Can this character use spell slots to cast misty step even though he couldn’t otherwise cast, or even learn, any 2nd-level spells?

Is it possible for a sorcerer to write all the ritual spells they know in the ritual book of Ritual Caster Feat when they acquire this feat?

I was reading the D&D beyond about wild magic sorcerer and I was thinking about something when I readed the recommended feats, in particular the Ritual Caster Feat:

Is it possible for a sorcerer to write all the ritual spells they know in the ritual book of Ritual Caster Feat when they acquire this feat? Or do they have to found the written version somewhere?

In the feat description, it look like no, but I feel like it doesn’t make sense, since the sorcerer know the spells.

What is the best option between “half-plate armor+dexterity+Medium Armor Master feat” and “plate armor”

I want to make a melee fighter, and I’m strugling on the choise of my armor for the build. I put my stats on my character when I’ll define all I want to do for my build, so let’s suppose that I can have the stat and race you want to define which armor is better.

I hesitate between taking an half plate and a plate armor whenever I can (which will be replace with their magic version whenever I can, my DM allowing us to buy magic items with gold).

On one hand, Plate give the best base AC, 18, and have a strength and stealth restriction that force me to play only in one way, but have the advantage that the only cost on the character sheet to have some point in strength.

On the other hand, half-plate give 15+dex mod (max 2) AC, which is less and with the same stealth restriction, but with the Medium Armor Master feat I can have the same amount of armor, and I can play stealthy if I need to. Plus investing in dexterity seams to me a better choice regarding that dexterity have a far more usefull saving throw, far more skills affected, and give bonus on damage and attack rolls with some weapons.

On my point of view half-plate look far better, but on most of the online build that I found, they use Plate armor and not half-plate, so I think I miss something crucial.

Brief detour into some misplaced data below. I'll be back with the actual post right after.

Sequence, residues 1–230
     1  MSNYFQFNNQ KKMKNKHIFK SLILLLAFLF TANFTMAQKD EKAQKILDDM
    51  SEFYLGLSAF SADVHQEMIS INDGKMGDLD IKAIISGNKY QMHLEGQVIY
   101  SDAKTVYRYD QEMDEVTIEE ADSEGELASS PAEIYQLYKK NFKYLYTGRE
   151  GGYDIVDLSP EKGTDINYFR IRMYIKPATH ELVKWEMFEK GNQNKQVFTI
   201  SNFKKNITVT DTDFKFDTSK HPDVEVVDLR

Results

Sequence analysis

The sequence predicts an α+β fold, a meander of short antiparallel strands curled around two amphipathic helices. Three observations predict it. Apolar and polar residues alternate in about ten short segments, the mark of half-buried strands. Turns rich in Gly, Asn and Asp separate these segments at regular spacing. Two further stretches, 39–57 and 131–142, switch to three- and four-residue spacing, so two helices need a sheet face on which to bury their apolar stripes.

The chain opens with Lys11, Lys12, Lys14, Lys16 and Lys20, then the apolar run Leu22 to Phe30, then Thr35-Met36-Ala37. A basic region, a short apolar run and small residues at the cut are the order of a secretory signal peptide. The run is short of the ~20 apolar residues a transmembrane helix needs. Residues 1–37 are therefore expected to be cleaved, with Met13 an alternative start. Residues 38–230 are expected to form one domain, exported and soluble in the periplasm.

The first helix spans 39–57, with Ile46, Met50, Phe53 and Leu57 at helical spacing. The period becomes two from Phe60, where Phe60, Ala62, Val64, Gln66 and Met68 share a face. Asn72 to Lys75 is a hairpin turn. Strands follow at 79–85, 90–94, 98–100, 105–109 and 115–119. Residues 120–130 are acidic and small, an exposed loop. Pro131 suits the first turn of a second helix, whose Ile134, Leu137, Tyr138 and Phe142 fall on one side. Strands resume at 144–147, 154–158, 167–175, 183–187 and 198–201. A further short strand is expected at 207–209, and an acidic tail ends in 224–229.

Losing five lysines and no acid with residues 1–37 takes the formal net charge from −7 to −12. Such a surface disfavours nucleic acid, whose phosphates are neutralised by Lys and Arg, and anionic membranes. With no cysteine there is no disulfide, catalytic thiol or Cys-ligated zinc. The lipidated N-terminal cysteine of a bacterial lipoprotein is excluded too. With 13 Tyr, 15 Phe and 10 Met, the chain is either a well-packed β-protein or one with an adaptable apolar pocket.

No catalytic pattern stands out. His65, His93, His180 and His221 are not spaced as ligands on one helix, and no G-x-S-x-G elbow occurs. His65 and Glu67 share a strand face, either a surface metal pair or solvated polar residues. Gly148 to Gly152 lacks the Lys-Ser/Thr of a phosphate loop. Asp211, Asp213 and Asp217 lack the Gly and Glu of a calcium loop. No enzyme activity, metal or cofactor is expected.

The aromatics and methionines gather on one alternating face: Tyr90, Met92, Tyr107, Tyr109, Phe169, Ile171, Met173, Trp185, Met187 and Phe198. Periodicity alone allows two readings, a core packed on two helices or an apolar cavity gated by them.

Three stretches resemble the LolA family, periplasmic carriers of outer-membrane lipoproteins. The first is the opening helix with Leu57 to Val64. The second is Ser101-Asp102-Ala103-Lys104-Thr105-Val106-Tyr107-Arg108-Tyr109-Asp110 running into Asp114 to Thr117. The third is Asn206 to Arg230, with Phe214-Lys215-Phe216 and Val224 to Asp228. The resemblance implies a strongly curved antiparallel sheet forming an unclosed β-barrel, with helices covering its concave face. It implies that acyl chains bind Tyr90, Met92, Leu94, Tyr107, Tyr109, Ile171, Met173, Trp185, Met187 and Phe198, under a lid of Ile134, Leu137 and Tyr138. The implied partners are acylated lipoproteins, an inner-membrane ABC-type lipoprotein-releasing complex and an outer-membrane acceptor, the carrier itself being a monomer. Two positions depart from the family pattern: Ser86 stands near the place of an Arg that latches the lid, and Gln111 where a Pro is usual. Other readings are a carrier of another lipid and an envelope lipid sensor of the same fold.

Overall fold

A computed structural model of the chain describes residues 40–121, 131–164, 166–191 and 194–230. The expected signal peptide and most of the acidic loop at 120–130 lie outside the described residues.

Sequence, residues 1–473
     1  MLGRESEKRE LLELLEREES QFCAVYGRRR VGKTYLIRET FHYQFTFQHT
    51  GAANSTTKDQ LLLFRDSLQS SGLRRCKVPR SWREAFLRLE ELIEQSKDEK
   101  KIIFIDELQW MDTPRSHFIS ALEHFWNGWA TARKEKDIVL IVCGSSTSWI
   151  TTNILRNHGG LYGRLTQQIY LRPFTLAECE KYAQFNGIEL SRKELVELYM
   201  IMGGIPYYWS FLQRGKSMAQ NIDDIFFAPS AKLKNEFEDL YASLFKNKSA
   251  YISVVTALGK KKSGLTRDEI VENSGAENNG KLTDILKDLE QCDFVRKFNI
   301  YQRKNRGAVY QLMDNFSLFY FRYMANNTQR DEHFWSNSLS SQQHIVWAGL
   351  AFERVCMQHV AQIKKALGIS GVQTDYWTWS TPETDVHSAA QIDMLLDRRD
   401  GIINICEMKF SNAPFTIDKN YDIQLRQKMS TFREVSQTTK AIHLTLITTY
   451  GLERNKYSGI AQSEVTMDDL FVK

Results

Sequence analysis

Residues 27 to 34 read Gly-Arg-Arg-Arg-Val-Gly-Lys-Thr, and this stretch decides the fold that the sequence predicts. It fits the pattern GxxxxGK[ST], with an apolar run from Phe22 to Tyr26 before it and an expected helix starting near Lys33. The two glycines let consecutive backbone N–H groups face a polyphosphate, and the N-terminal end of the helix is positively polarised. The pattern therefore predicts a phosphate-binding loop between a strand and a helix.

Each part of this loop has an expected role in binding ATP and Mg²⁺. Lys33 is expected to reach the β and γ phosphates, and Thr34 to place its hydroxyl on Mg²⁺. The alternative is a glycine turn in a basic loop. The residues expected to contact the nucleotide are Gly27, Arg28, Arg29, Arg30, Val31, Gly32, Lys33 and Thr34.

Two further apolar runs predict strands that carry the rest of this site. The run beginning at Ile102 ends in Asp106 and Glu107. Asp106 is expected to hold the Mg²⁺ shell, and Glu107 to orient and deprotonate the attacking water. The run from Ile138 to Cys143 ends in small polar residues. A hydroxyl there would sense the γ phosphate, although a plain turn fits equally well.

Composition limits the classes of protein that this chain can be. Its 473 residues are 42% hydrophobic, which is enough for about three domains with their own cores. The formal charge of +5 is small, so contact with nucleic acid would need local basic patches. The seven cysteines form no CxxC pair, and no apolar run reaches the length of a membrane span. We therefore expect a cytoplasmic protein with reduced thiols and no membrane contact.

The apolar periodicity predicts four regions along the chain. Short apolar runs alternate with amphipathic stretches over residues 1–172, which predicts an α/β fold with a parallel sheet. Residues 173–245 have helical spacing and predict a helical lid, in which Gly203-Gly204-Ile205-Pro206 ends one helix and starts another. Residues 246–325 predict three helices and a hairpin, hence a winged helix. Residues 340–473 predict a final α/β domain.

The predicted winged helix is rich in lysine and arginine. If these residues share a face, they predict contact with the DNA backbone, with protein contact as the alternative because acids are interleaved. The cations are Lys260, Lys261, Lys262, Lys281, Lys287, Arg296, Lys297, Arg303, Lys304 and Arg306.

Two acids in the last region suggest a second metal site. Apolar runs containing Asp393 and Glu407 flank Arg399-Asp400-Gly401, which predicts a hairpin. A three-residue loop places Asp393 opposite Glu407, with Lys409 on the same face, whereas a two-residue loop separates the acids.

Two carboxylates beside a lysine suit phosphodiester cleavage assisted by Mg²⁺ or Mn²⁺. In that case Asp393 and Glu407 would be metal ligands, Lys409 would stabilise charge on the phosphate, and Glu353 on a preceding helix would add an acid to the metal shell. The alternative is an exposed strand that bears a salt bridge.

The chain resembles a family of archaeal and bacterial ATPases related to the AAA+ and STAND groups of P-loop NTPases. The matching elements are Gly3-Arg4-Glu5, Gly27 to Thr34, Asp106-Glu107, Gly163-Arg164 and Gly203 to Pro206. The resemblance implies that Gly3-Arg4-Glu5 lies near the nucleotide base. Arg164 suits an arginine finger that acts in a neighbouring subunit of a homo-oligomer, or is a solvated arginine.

Balancing a Portent feat based on the Lucky feat

I am looking to make a homebrew feat based on the Lucky feat but using the Portent mechanic, and am trying to find the balance point on the amount of dice.

Disclaimer: I don’t think Lucky is overpowered, neither does anyone at my table, but as it is the closest feat to what I am looking for I am trying to use it as the balancing point for the new feat. This is not an attempt to homebrew a powerful feat.

For completeness:

Portent

When you finish a long rest, roll two d20s and record the numbers rolled. You can replace any attack roll, saving throw, or ability check made by you or a creature that you can see with one of these foretelling rolls. You must choose to do so before the roll, and you can replace a roll in this way only once per turn. Each foretelling roll can be used only once. When you finish a long rest, you lose any unused foretelling rolls.

Lucky

You have 3 luck points. Whenever you make an attack roll , an ability check, or a saving throw, you can spend one luck point to roll an additional d20. You can choose to spend one of your luck points after you roll the die, but before the outcome is determined. You choose which of the d20s is used for the attack roll , ability check, or saving throw. You can also spend one luck point when an attack roll is made against you. Roll a d20, and then choose whether the attack uses the attacker’s roll or yours. If more than one creature spends a luck point to influence the outcome of a roll, the points cancel each other out; no additional dice are rolled. You regain your expended luck points when you finish a long rest.

Lucky is widely applicable to pretty much any roll, and powerful because it can be used after the result.

Portent is powerful because it can force an auto-failure or auto-success, but less applicable because if the rolls are middling they are less powerful.

How many Portent dice would be balanced against the 3 points (dice) from the Lucky feat?

I am currently leaning towards 2, but that is more based on gut feeling than anything as I have neither used, nor seen in use either of these abilities yet.

Addendum: If it matters, and it might, this is intended to be used by a Divination Wizard, so if adding extra Portent dice is simply too powerful, that would be an acceptable answer, although one I would have to be convinced by.